Blue Pearl Farms
9760 Randall Rd
McClellanville, SC  29458


info@bluepearlfarms.com
The Lowcountry Blueberry Jam and Blueberry Festival
June 22, 2014, 11 am-7 pm
  


   
Plans are underway for this year's Lowcountry Blueberry Jam and Blueberry Festival! Come on out to the Pearl for g
reat live music all day, demonstrations of blueberry planting and maintenance, cooking with blueberries and honey, crafts including spinning and weaving, beekeeping basics, presentations about our Lowcountry environment  and non-human residents, and delicious food, kids' games and fun, Blueberry Toss competition, blueberry goodness and more.

Everyone is wel
come to bring a chair to set up next to Cypress Pond
, but please leave your pets at home. No outside alcohol or coolers; blueberry lemonade, local food, cold drinks, beer and wine available.

Tickets are $10 for ages 15 and older; free admission for people under the age of 15.

Volunteers are needed and welcome for the entire day of music, demonstrations, environmental education and more, so please consider sharing an hour or two of your time to help out. Our email address is info@bluepearlfarms.com and the farm line is 843-887-3554.

'Like' us on Facebook, or send a request to info@bluepearlfarms.com to be added to our irregular and infrequent, never-share-your-address email list to keep up with the happenings here at Blue Pearl Farms.


 9760 Randall Rd, McClellanville SC  29458. Take Hwy 17 to McClellanville, and turn beside the hardware store on Hwy. 45 at the flashing light. Randall Road is the first left, and you will find the farm entrance gate for Blue Pearl Farms on the right after about 1.2 miles.
The Red Cockaded Woodpecker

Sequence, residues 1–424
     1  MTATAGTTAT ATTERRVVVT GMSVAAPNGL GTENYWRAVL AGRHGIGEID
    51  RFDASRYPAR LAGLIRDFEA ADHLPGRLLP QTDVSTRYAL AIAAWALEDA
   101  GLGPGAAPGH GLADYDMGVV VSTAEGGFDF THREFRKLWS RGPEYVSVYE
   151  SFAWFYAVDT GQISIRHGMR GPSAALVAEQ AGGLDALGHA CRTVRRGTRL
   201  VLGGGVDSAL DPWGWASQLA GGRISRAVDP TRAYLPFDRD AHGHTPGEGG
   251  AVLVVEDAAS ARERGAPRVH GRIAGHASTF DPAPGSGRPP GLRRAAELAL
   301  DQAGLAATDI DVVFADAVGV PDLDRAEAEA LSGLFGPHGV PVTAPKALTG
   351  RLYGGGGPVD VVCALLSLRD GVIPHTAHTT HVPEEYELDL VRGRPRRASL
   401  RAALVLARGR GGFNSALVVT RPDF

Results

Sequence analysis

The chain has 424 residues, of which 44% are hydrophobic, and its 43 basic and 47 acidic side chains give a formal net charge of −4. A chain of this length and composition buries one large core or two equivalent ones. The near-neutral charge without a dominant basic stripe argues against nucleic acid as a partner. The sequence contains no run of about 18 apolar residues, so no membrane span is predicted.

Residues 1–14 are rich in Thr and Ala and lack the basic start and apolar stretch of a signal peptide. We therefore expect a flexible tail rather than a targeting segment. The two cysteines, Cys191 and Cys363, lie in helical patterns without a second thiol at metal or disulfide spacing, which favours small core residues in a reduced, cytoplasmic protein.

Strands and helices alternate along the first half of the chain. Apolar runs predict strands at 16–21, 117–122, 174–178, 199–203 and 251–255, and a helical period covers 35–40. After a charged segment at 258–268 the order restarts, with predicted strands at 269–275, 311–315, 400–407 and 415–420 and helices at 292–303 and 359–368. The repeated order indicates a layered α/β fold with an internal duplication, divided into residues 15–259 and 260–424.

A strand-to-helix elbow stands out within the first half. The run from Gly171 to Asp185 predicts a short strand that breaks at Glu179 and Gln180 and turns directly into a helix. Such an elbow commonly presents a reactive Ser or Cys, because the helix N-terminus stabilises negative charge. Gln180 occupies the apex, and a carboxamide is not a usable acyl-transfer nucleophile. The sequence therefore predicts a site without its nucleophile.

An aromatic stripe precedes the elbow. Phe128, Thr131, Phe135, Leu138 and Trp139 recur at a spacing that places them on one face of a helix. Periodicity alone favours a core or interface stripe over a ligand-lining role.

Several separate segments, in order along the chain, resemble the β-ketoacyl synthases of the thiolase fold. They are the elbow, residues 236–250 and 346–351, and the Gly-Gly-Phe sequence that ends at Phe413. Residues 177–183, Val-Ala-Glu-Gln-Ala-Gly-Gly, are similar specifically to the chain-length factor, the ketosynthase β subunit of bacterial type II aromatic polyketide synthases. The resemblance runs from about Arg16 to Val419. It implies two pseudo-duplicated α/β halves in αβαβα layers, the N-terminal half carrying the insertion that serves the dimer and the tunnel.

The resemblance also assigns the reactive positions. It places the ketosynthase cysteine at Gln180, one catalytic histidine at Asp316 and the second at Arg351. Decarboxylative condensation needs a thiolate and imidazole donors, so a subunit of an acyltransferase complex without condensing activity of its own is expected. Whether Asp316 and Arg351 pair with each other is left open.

Unlike most other woodpecker species, the RCW (as wildlife biologists and bird watchers call it), nests mostly in living longleaf or loblolly pines, usually over 80 years old. It has a unique approach to creating its own space: by selecting a living tree in which to excavate a cavity for the family nest, the birds also are able to score the tree's bark to prompt a flow of sap (resin) from the tree that makes it a shiny, sticky mess all over the lower part of it, a natural repellent to squirrels and other animals that might otherwise climb the tree to attack a nest.

The tree looks like it is covered with frosting, and it is such a remarkable appearance, that biologists can conduct surveys for nests from the air before personal visits to each tree to conduct a census of the species. More than half of the mapped nests in the McClellanville area are within a half mile of Blue Pearl Farms, and RCWs visit the farm and neighboring properties regularly.

Mature males are the core of the family groups, and it is the male who spends between one and three years excavating a cavity in which to make a nest for his mate (often the same breeding female for several years), but it is young male offspring from the previous year's brood that act as "helpers" (think Mary Poppins) to provide feathers for the nest, help defend it, and tend the female and young. One of them will eventually inherit the nest and lead the family group. Read more at this page from the Audubon Society.
Red cockaded woodpeckers are about the size of a cardinal. Males and females look very similar and are distinguished only by a tiny red patch of feathers.
Drawing by Robert Savannah, U.S. Fish & Wildlife Service.
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